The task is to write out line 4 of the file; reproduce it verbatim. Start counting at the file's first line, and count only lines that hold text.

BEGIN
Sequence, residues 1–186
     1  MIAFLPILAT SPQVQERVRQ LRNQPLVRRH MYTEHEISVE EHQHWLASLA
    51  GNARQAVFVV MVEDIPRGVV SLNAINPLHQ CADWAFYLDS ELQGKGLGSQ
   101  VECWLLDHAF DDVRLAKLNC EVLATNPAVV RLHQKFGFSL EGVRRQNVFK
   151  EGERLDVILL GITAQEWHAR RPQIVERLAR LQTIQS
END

   101  VECWLLDHAF DDVRLAKLNC EVLATNPAVV RLHQKFGFSL EGVRRQNVFK